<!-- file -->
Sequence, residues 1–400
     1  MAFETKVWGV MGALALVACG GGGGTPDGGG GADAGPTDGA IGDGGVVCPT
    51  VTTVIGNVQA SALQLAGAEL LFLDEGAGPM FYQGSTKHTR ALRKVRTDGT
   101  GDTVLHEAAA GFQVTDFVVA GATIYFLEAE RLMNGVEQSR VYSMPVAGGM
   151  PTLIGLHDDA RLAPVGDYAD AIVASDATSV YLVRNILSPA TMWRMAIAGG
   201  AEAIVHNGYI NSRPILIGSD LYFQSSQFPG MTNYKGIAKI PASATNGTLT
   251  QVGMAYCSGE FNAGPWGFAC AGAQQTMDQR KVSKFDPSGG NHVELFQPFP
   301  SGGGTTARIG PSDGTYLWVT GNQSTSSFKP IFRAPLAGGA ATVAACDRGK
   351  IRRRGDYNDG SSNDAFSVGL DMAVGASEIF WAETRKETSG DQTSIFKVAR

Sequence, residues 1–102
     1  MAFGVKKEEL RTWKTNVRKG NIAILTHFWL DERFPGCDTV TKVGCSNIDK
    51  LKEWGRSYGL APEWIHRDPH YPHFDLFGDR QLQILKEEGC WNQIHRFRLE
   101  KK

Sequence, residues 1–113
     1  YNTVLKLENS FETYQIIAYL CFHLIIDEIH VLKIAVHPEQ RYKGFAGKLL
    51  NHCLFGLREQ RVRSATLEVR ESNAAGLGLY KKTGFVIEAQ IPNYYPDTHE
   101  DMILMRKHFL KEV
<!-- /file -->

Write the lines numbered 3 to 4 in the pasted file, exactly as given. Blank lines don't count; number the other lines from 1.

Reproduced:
    51  VTTVIGNVQA SALQLAGAEL LFLDEGAGPM FYQGSTKHTR ALRKVRTDGT
   101  GDTVLHEAAA GFQVTDFVVA GATIYFLEAE RLMNGVEQSR VYSMPVAGGM